Gay or straight, HIV-positive or -negative, man or woman or trans-man or trans-woman, two things are true: we are all human beings, and we all have a story to tell. STILL AROUND is a collection of fifteen stories told in short films about HIV/AIDS and hope, produced by the HIV Story Project.
Other films have tackled the HIV/AIDS crisis in various ways, including the standard documentary format which can be very informative. However, there is something special about seeing individuals whose lives, and the lives of their friends and loved ones, have been affected by the disease. The films in STILL AROUND are filled with the ghosts of those who are not still around, but the survivors fill us with hope, even as we feel their sorrow and joy. Congratulations to the filmmakers of this project, and thank you to the people who put their lives on film.
Level/Use: Suitable for high school classes and college courses in cultural anthropology, medical anthropology, anthropology of sex and gender, and American studies, as well as for general audiences.
Jack David Eller, Review of Still Around: A Short Film Compilation. Anthropology Review Database
STILL AROUND demonstrates that although
HIV/AIDS has been thriving for over 30 years now, the
creative spirit and communal resilience that characterizes
San Francisco's response to AIDS is still around too.
The 15 short films--each in their own distinct style and
tone---together forge a unified collective that showcases
the role that the arts must continue to play as we fight
against AIDS. From paying tribute to the extraordinary
work of San Francisco General Hospital WARD 86, the country's
oldest HIV/AIDS care unit, to inviting us into an intimate
subcultural ritual of love and healing commemorating one
person's HIV-positive anniversary, to reminding us of
the simple beauty in pronouncing oneself gay and alive
amidst a history of death and dying, these bold and beautiful
short films merit our viewing.
This is a film for all
people interested in how the arts make a difference in
our lives, and how people, in this case the expansive
and diverse people of the great city of San Francisco,
work together to keep their communities alive and empowered.
This wonderful collection deserves to be housed in our
campus libraries, screened at our film festivals, and
circulated among our own various communities.
David Román, Professor of
English and American Studies, University of Southern California,
author of ACTS of INTERVENTION: Performance, Gay Culture
and AIDS, and O SOLO HOMO: The New Queer Performance.
While it is imperative for us to know
our history, it is almost more vital that we see our now,
given how AIDS has become so devastatingly absent in our
images and politics but not our communities and bodies.
STILL AROUND insists that AIDS is here and now: with creativity,
insight, urgency, and poetry. Over thirty years into this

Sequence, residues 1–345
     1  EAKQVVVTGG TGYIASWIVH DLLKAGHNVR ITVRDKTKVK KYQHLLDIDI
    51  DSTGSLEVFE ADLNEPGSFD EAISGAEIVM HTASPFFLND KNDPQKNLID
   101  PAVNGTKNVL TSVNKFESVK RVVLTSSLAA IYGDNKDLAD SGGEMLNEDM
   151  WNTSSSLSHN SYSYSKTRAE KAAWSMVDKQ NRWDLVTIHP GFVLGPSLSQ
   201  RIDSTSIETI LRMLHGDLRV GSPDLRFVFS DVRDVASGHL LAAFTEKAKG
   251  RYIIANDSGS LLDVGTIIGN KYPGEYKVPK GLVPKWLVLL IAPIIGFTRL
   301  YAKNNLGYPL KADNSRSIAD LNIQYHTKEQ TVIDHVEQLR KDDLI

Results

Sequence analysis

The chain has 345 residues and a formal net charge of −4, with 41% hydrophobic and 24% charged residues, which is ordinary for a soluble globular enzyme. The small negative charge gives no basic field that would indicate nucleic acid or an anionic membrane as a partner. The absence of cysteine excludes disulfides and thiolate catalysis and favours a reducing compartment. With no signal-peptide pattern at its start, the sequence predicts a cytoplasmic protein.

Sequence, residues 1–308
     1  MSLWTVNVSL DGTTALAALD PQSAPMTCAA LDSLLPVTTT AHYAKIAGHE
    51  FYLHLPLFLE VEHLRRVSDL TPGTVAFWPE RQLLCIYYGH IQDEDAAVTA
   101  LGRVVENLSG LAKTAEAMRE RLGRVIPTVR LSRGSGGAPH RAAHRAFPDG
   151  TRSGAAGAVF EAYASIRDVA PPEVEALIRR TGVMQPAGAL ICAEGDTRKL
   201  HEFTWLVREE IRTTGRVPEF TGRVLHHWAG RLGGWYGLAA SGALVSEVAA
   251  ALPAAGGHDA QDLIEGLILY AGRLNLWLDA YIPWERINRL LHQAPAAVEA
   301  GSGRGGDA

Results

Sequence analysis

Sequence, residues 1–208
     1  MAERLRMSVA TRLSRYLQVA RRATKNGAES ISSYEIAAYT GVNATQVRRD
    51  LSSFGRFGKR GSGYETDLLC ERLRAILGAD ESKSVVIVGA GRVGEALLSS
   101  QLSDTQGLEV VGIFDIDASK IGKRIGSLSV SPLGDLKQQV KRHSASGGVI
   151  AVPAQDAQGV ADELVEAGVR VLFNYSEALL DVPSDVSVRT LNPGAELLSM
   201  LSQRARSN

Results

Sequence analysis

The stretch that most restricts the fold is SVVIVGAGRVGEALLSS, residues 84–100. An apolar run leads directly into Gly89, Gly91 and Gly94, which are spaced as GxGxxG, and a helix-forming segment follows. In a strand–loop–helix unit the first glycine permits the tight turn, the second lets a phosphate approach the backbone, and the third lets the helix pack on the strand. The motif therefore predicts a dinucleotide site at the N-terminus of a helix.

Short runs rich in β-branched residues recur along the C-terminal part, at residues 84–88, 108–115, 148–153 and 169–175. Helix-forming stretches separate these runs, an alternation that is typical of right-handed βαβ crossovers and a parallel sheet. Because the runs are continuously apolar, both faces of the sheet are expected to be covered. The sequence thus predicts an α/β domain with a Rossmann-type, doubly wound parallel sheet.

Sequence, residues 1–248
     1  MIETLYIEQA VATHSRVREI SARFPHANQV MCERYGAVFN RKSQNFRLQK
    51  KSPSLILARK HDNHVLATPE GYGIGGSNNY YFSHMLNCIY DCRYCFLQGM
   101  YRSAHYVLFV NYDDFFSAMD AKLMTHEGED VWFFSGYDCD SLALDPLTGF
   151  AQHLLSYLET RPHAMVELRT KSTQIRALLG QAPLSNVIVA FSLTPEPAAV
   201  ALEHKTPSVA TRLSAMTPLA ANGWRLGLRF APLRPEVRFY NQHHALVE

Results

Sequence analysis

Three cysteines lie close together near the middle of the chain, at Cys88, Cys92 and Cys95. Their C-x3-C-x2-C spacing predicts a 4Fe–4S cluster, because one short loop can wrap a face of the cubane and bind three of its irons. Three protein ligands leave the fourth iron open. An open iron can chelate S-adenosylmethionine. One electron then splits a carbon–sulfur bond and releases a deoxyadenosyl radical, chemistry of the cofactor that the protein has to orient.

epidemic, this films is a much needed political and artistic
intervention that connects us to our past while picturing
our complex and ever changing present.
Alexandra Juhasz, Professor of Media
and Cultural Studies, Pitzer College, or AIDS TV: Identity,
Communtiy and Alternative Video (Duke 1995)
The shorts collection STILL AROUND
admonishes us that despite improved treatment AIDS and
its social effects have not gone away, but also that those
living with the disease continue to live vital and complicated
lives--they are "still around." Ranging from
abstract dance and poetry to tours of the clinical and
social spaces, STILL AROUND provides glimpses into the
everyday challenges and hopeful solutions crafted by the
diverse people engaged in the epidemic. The shorts have
uniformly high production values and the editors provide
thoughtful and visually unified transitions that create
an arc through the many different ways filmmakers and
subjects chose to represent their points of view. The
individual pieces stand alone as learning texts, and the
whole collection works well as a kaleidoscope of historical
and contemporary viewpoints on the social costs of an
Cindy Patton, Professor of Sociology,
Simon Fraser University, Vancouver Canada
Given the spate of new films focusing
upon the history of ACTUP/AIDS activism circa and a new-found
fascination for the now old new queer cinema that was
borne from AIDS' sorrow, anger, and community, it is a
pleasure to get to also see a new film, STILL AROUND,
that both looks at the legacy of AIDS without the safety
and nostalgia of distance. A beautiful cultural production
with sharp political commentary and profound personal
expression STILL AROUND links fifteen original, diverse
shorts together and reminds us that AIDS is a living,
breathing phenomenon of our now.
Alexandra Juhasz, Professor of
Media and Cultural Studies, Pitzer College, or AIDS TV:
Identity, Communtiy and Alternative Video (Duke 1995)
In an era when HIV/AIDS is so often
marginalized from public discourse or considered a matter
of a historical crisis now past, STILL AROUND presents
a powerful collection of testimonies about living with
HIV/AIDS in the fourth decade of the pandemic. Through
their frank honesty and clear-sighted courage, the film’s
diverse witnesses share remarkable stories of hope, survival
and community. Some of the most powerful moments in the
film occur when people living with HIV/AIDS come together
with family members, friends and their community to forge
genuine opportunities to bear witness to the complex challenges
and struggles of their lives. In particular, the film
attends to the imperative to speak across the generations
impacted by the pandemic. The impressive diversity of
perspectives in this short film collection makes Still
Around a perfect teaching tool for a wide range of courses,
from public health to psychology to communication.
Roger Hallas, Associate Professor
of English, Co-Director of LGBT Studies, Syracuse University,
Author of Reframing Bodies: AIDS, Bearing Witness and
the Queer Moving Image